New Delhi, Feb. 5: The Centre has moved an application in the Supreme Court to lift the ban on religious activity in Ayodhya’s 67.703 acres which the Ramjanmabhoomi trust claims as its own.
The Union government’s petition was filed without fanfare minutes before the court registry closed yesterday and on a day the Prime Minister met the Kanchi sankaracharya to discuss ways to break the Ayodhya logjam.
The news of the petition was made public late tonight, capping a day of dramatic declarations by the Vishwa Hindu Parishad. VHP leader Praveen Togadia asked the government to hand over the “undisputed land” to the temple trust before February 23 or face a nation-wide agitation.
Last March, as the temple supporters stepped up the build-up for a shiladaan, the Supreme Court had issued an interim stay order banning “any kind of religious activity” and blocking the handover of even the undisputed land to anyone.
The Centre’s application filed yesterday seeks to vacate this stay order on the ground that peace prevails in the area now.
While issuing the interim order, the court had directed listing of the main petition — filed by Mohammad Aslam against the proponents of the temple — after 10 weeks. The government feels that since the 10-week period has elapsed, the petition should be listed for early hearing.
The Opposition reacted with fury, saying it was a ploy to hand over the land to the temple trust as demanded by the VHP. The Congress and the Samajwadi Party said they would “firmly” oppose the move.
VHP spokesman Vireshwar Dwivedi welcomed the government’s petition and said: “It reflects its good intention. We hope this good intention is sustained till the undisputed land which was in the Nyas’ (the trust) possession is handed over, ideally before our dharam sansad.”
The sansad — the countdown to which had ignited the fresh VHP offensive — will meet as scheduled on February 22 and 23 in Delhi.
The government’s decision to approach the court was the result of concerted pressure from the RSS as well as the VHP.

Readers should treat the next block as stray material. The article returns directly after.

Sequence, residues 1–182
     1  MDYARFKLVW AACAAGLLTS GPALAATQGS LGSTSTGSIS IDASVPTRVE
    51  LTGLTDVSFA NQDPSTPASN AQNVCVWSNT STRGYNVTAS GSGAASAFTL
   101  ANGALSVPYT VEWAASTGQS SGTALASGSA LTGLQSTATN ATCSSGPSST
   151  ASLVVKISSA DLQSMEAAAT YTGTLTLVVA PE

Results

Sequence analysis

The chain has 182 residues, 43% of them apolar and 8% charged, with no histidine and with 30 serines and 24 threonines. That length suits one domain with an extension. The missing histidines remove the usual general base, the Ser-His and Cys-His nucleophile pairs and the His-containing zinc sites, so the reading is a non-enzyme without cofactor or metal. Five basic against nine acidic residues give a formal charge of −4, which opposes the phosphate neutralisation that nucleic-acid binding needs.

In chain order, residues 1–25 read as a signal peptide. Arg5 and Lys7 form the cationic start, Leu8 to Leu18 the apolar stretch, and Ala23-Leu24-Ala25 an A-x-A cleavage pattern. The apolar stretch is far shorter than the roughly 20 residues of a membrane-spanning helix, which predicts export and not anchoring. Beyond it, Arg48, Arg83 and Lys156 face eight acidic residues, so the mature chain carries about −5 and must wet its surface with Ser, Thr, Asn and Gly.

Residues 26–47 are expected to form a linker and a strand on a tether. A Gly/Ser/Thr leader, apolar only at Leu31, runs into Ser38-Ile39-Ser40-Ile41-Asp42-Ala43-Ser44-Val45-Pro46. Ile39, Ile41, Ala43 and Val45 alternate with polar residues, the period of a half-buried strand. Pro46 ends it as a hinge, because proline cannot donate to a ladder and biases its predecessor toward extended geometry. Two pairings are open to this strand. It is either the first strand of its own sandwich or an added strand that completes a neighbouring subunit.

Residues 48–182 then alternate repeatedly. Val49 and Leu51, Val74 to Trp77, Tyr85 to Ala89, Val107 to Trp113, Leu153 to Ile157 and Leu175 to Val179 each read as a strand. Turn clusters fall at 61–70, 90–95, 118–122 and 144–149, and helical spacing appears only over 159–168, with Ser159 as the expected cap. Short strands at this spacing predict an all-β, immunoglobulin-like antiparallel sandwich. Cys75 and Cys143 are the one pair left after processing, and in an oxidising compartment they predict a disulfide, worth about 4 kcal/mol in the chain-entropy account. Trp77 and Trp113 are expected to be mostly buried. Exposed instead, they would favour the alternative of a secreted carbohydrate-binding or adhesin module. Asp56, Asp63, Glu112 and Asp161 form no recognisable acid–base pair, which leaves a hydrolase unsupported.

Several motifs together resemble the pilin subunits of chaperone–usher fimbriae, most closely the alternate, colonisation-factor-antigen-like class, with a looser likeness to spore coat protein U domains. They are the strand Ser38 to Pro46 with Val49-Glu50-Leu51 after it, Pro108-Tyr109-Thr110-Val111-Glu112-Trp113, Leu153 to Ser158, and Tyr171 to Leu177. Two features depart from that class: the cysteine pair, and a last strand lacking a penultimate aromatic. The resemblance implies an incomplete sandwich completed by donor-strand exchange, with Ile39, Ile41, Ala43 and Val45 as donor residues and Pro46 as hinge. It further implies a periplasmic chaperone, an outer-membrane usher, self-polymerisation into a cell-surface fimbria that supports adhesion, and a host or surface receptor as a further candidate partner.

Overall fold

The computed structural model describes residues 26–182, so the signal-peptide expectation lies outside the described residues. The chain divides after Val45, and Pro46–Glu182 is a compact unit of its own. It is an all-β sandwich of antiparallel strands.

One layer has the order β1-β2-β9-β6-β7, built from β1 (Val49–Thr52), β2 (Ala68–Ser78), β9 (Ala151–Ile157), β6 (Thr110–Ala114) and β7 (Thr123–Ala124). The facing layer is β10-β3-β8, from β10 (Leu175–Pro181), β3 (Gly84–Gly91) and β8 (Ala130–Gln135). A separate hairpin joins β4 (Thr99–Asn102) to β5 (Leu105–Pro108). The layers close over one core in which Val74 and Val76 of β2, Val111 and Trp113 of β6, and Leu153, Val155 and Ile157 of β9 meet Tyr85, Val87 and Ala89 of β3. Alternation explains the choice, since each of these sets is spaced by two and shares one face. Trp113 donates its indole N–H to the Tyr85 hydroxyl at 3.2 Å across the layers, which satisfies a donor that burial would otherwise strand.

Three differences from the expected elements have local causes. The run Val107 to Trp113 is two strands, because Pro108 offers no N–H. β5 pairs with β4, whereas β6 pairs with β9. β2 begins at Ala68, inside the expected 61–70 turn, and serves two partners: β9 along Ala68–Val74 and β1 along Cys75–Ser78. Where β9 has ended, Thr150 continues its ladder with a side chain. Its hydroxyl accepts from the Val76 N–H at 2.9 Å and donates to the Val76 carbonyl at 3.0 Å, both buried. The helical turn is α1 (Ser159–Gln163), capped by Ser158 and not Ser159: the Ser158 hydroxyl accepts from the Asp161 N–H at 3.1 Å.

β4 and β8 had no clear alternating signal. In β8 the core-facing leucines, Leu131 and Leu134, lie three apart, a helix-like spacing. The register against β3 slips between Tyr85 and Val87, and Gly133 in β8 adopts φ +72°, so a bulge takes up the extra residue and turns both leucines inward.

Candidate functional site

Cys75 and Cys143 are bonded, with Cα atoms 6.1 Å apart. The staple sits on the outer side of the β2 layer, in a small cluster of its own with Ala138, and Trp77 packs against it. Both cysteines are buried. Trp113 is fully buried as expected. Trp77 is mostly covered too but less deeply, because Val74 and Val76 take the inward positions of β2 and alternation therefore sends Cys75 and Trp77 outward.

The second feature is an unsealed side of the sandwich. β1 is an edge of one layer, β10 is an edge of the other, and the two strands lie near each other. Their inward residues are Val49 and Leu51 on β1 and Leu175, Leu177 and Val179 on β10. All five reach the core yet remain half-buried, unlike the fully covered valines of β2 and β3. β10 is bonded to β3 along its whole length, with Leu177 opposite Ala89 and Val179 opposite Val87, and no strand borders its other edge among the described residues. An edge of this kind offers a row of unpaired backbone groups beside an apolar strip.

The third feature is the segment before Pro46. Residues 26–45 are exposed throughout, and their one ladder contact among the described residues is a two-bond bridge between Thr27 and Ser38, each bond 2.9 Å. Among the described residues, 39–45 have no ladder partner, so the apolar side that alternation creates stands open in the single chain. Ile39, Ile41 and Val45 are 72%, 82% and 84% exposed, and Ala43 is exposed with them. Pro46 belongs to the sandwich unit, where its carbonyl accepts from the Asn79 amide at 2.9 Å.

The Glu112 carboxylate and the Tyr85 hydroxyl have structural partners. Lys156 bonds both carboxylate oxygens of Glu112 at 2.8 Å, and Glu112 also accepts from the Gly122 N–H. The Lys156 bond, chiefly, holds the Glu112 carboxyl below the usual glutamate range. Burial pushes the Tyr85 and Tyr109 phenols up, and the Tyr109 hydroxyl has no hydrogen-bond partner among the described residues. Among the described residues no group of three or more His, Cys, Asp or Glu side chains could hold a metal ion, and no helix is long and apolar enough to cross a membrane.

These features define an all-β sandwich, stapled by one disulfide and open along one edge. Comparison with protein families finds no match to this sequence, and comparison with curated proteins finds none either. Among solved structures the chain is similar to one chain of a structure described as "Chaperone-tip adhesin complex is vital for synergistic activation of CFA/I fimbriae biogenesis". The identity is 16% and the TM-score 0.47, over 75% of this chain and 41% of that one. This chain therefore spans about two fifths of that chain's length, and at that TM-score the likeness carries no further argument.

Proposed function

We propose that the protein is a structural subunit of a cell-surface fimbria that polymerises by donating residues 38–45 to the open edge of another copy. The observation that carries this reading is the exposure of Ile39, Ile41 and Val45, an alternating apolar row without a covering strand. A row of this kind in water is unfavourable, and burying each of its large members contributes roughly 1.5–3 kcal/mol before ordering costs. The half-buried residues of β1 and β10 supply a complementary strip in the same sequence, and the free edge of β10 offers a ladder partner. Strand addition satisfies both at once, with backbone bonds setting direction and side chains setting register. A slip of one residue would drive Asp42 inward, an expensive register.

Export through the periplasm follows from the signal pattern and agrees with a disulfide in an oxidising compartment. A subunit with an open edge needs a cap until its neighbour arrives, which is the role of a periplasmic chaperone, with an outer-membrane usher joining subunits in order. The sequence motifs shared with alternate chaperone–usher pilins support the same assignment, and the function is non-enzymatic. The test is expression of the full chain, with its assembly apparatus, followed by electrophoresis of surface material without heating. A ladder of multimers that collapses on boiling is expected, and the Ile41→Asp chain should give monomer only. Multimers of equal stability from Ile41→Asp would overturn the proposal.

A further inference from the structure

Madan Das Devi, the RSS joint general secretary and its pointman with the Centre and the BJP, had said earlier in the day: “The government’s one-point agenda must be to remove the legal hurdles and ensure that the undisputed land is handed over to the Ramjanmabhoomi Nyas at the earliest so that construction can start. The disputed land is the subject of court case so we can await a decision.”
Devi, who met the Kanchi sankaracharya yesterday, reportedly assured him that the Centre would do its best to facilitate the start of construction.
In the present circumstances, the BJP and the government are preferring the legal option to a political alternative. The Kanchi seer stated it in so many words yesterday when he stressed that a solution would have to be found within the legal ambit without inviting the court’s censure.
Togadia has been publicly taking the position that the Nyas would not amend its original blueprint for the temple and would use the “undisputed” as well as “disputed” land, but BJP sources expressed confidence that the petition in the court would give the government a “cover and a breather”.
Sources said VHP patriarch Ashok Singhal — who reportedly disapproves of Togadia’s bluntspeak — was of the view that the legal option must be exhausted before launching the next phase of the temple agitation.
If the court vacates the stay order, the next step will be to bring an Ordinance to hand over the “undisputed” portion to the Nyas. If the court upholds the stay, the government can seek cover under the argument that it tried its best.
Earlier in the evening, Togadia said the shape and modalities of the jan andolan will be unveiled at 6 pm on February 23 when the VHP’s dharam sansad (religious parliament) ends. But he indicated that bandhs and gheraos would form part of the agitation. “I assure you whatever will be done this time will not be symbolic,” he added.
“I can’t comment on whether or not India had an aar paar ki ladayee (a fight to the finish) with Pakistan but the fight for the Ram temple will be a fight to the finish,” he added, taking a dig at the Vajpayee government.
But he maintained that the VHP had not served an “ultimatum” on the government nor fixed a date on which to begin temple construction.